John is scared stiff of snakes.

He's afraid of snakes.

The book is dog-eared.

It's old and has been used by many people.

It's an eye-catching (or a breath-taking) design.

It's a beautiful design.

Houses in this town are few and far between.

There are not many houses.

There's sth fishy about it.

There's sth that's not quite right, sth suspicious.

He received a frosty welcome.

A very cold welcome.

It was a hair-raising accident.

It was a terrible accident.

It was a long-winded lecture.

It was a very long, boring lecture.

I bought a second-hand car.

I bought a used car.

This car changed three hands before you bought it.

It was owned by three people before you bought it.

We give you our whole-hearted support.

We support you strongly and unconditionally.

I have a splitting headache.

I have a severe headache.

My car battery is flat.

It's empty.

I have a soft spot for Oxford.

I love Oxford.

It was a narrow escape (or a hair-breadth escape).

It was a miraculous escape.

She escaped by the skin of her teeth from being knocked down by a car.

She was nearly knocked down by a car.

He's a confirmed bachelor.

He wants to stay single forever.

It's one of my pet hates.

It's one of the things I hate most.

She has a sharp tongue.

She's a scold.

The tramp had a square meal.

He had a substantial, filling meal.

It's an unwritten law.

Sth that's observed by everyone although it's not a law.

I haven't the foggiest (or slightest) idea.

I have no idea at all.

Samantha's a backseat driver.

She keeps telling the one driving the car how to drive.

Jim is a big shot (or a bigwig).

He's an important person.

John's a dark horse.

He has latent capabilities that surprised everyone.

John's the boss's blue-eyed boy.

He's the boss's favourite employee.

John's a fair-weather friend.

When you need him, he doesn't help as a friend should do.

John's a general dogsbody.

He's active and always does the hardest part of the work that no-one else would do.

John's an old hand in teaching.

He's an experienced teacher.

John's a rough diamond.

He appears to be rough but in fact has a heart of gold.

John's a smart aleck.

He pretends to know everything.

John's a wet blanket.

He's annoying and no-one likes him.

He's a killjoy.

He spoils other people's fun.

He's a trouble-maker.

He's always causing trouble when there is no need for that.

It's a plum job.

It's a lucrative job.

It's a dead-end job.

It is profitless and has no prospects.

John retired and received a golden handshake.

He was given a large sum of money from the company upon retirement.

It's a tight spot.

It's a difficult situation.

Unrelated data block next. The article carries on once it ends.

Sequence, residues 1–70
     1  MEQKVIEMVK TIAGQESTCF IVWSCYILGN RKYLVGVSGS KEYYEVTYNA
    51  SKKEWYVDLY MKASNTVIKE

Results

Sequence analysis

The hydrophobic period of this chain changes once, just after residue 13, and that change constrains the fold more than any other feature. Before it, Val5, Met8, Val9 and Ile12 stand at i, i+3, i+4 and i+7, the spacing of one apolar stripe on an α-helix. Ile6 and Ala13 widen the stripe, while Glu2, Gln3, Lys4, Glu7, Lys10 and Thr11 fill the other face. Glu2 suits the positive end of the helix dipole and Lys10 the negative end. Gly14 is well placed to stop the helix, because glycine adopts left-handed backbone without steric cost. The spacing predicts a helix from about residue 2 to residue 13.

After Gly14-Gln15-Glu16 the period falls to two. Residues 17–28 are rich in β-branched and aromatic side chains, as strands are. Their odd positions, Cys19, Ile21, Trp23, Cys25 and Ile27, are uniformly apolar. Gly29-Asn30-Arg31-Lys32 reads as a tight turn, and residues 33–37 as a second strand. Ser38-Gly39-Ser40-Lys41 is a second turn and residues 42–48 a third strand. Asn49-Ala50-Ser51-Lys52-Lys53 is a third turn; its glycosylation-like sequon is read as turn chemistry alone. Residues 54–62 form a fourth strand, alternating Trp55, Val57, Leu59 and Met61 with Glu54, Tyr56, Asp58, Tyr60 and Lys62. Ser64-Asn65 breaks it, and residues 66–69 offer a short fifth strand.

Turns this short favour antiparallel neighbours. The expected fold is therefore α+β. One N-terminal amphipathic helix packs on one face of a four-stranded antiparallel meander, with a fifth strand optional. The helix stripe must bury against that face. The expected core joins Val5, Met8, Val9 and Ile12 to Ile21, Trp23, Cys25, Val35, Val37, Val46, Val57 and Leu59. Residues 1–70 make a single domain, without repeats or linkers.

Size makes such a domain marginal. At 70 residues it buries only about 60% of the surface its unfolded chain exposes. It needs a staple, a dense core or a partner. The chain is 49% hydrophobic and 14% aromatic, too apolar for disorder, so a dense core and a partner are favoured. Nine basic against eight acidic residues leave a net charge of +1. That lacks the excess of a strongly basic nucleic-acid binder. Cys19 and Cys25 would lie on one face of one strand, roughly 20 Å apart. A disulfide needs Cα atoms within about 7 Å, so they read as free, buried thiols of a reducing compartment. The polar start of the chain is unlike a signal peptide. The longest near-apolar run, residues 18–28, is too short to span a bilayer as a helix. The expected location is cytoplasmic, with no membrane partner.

It's a tall story.

It's an unbelievable lie.

It's a cock and bull story.

It's an unbelievable lie.

He got his jumper on back to front.

He got it on the wrong way.

The committee outlined the pros and cons.

It outlined the possible advantages and disadvantages.

They're always fighting tooth and nail.

Fighting fiercely.

Life is full of ups and downs.

A mixture of good and bad things.

I'm at the end of my tether.

I've given up.

I'm at a loose end.

I have nothing to do.

It was a weight off my mind.

It was a great relief.

He can't make ends meet.

He can't earn enough money.

It slipped my mind.

I forgot it.

It was a slip of the tongue.

I didn't mean to say that.

I take your point!

I agree with you.

Mark my words.

Just take my words for granted, and you'll discover I'm telling you the truth.

I give you my word.

I promise you.

She told them off.

She reprimanded them.

I've made up my mind to do that.

I've decided to do that.

I've changed my mind.

I've decided to do sth different.

John dropped me a line.

He wrote me a letter.

It's pointless.

It's no use.

It's not the end of the world.

Don't give up.

I read it between the lines.

I conjectured that.

John couldn't keep his head above water.

He can't stay out of debt.

John's in the red.

He's in debt.

John saw red.

He got angry.

The publication of the magazine was hindered by red tape.

It was hindered by bureaucracy.

We had a whale of a time.

We had a very good time.

We had a hell of a time.

We had a hard time.

We go back a long way.

We've been friends for a long time.

My house is off the beaten track.

It's far away from other people, houses, etc.

Playing games is a good way of killing time.

Spending time.

It's all water under the bridge.

It happened a long time ago and is unimportant now.

John's got Jill under his skin.

He's extremely attracted her.

The two warring countries turned over a new leaf.

They decided to change their attitudes to each other  and start a new relationship.




Exercise 2: Complete each idiom in the following sentences by adding one word.


1. You need a map to reach our home. It's off the beaten __.

2. No, not the silver one. I've __ my mind.

3. I'll do that for you. I give you my __.

4. The boss is so __-tempered. He easily gets angry.

5. The under-secretary is always making coffee for the boss so as to be his blue-eyed __.

6. Some people are scared __ of flying and would rather travel by train.

7. The company is in the __. Something ought to be done or it will go bust.

8. The two rivals agreed to turn __ a new leaf and start being friends.

9. When my aunt retired, she received a golden __ of 10,000.

10. The car almost hit me. It was really a miracle that I escaped by the __ of my teeth.



"For the idiom of words very little she heeded,

Provided the matter she drove at succeeded,

She took and gave languages just as she needed."


Matthew Prior (1664 - 1721)

English diplomat and poet.


"Jinny the Just"

Find Out more About your discipline